You hold on as far as your balance sheet allows. You can hold back as long as there is a defined cash flow to balance the debt, which is lacking now. Due to inflation, by holding back, you are bringing down your value by 6%-7% annually, and at that point you are actually discounting yourself. Then, you are not getting the equity to replace debt on your balance sheet. And the longer you keep the debt there, the more you acquire. When you cannot clear that, ultimately you don't have a balance sheet. And at that point, you have to go for a distress sale.

ML: Let us come to commercial real estate—how do you think this will perform?
Well, commercial real estate will be driven by commerce, which depends on our economy. When you have good industrial output, it will create the demand for allied services, which will again add to the demand. With growth of industries, you have new centres. But when GDP (gross domestic product) levels go down, we will see a slowdown. When there is a long-term flight of capital, inflation and negative sentiments start to impact the market and there is trouble brewing. So I am optimistic about the future of commercial real estate, but I hope the growth rate doesn't stagnate.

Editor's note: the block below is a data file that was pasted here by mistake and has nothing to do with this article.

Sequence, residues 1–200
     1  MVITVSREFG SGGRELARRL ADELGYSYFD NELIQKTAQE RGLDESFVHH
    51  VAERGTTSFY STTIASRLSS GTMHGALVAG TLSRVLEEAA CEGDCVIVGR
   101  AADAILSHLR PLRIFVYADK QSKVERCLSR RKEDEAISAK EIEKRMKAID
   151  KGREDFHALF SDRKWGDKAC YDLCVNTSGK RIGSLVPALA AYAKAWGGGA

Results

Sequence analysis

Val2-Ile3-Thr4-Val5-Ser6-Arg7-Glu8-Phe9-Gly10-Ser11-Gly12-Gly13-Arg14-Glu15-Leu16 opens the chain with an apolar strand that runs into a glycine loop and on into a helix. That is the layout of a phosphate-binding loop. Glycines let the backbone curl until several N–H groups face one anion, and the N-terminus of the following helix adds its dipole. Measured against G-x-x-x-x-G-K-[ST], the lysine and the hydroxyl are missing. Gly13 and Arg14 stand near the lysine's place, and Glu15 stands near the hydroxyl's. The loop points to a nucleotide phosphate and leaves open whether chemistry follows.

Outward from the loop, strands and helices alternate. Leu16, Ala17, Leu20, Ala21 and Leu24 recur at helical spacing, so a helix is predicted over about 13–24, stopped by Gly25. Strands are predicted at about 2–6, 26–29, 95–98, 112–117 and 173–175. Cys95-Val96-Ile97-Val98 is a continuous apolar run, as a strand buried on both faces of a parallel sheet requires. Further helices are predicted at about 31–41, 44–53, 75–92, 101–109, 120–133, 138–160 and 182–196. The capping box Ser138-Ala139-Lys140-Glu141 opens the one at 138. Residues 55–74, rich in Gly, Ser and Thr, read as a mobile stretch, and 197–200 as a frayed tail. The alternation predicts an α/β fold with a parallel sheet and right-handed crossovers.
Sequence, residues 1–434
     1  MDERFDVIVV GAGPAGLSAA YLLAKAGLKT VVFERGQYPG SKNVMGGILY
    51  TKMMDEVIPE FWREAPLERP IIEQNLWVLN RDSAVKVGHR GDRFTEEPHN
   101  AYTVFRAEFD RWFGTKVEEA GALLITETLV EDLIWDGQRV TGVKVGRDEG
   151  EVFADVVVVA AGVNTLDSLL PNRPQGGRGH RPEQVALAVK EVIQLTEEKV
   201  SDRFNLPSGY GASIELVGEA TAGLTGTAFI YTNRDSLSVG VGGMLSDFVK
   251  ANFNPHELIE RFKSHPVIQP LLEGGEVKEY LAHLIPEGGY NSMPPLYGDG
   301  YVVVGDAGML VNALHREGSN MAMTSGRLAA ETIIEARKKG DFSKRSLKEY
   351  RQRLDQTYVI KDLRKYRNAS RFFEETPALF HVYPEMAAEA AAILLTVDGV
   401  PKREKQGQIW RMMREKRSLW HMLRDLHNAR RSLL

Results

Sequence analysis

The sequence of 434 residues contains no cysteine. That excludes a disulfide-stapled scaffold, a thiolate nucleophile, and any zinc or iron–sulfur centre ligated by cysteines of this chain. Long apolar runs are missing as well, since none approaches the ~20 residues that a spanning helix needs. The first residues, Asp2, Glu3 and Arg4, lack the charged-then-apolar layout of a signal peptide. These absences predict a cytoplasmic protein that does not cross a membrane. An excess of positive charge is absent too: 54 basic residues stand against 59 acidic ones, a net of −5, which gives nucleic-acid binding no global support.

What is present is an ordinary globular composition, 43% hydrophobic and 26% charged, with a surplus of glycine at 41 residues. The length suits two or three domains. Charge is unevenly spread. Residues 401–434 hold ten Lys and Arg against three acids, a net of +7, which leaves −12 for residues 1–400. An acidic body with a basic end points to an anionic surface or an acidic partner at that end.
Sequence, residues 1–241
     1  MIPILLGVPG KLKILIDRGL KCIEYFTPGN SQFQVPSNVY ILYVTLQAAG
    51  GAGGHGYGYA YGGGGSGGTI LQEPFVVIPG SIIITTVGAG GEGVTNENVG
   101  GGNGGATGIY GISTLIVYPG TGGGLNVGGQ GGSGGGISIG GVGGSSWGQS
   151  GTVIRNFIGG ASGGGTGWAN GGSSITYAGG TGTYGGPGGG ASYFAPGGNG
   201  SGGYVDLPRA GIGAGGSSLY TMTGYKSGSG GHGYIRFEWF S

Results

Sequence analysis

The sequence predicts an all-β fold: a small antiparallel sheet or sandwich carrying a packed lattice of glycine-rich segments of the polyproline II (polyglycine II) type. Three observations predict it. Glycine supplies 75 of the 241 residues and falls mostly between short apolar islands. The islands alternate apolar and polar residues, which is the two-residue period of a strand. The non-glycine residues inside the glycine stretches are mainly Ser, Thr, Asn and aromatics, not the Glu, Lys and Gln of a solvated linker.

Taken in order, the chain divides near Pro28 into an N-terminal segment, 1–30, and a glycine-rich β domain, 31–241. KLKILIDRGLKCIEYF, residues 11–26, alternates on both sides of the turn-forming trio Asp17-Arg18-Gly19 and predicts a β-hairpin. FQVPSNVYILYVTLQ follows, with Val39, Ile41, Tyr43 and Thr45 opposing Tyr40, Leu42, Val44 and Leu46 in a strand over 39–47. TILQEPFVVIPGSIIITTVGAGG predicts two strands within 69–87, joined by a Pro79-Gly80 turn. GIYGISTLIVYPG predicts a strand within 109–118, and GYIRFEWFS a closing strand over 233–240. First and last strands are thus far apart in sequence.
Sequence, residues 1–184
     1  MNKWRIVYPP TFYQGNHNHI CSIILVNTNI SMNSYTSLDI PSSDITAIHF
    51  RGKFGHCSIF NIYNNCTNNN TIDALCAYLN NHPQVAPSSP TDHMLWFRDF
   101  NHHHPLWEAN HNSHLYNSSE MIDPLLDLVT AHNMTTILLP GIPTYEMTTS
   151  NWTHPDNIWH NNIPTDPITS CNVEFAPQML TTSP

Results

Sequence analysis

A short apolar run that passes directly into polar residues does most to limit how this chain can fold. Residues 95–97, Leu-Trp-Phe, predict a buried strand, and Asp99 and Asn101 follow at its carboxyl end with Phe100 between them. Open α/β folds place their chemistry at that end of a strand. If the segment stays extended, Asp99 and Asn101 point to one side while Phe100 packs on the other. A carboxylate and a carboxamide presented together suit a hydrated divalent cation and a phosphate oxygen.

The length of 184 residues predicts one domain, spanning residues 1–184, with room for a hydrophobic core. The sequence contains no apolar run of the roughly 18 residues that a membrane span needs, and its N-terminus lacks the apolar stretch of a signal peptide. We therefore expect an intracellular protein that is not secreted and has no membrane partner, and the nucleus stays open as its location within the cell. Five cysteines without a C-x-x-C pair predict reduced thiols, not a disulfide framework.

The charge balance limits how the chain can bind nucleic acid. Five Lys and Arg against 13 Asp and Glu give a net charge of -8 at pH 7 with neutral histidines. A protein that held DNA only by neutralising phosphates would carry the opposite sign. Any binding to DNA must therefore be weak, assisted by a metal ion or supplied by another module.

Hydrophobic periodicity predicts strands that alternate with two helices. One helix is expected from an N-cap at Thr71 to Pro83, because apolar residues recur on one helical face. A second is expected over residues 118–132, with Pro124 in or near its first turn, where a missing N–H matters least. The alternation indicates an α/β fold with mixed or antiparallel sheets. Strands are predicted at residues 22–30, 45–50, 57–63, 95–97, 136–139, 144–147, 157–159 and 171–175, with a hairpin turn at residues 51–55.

ML: How do you see sectors like retail, hospitality, education and healthcare contribute to the realty growth story?
Definitely, there are a lot of opportunities. But not all realtors specialise in these structures, so there can be strategic tie-ups with other companies, which can manage the space.

ML: What about the other issue that realtors complain about, which is about land acquisition?
If you are acquiring huge tracts for industrial purposes, then there are some problems. But, otherwise, lack of land records or things like that hardly matter. Trouble starts when you involve too many people, especially the government, in the land-acquisition process. For smaller projects, the only hitch is when that plot is slapped with multiple legislations.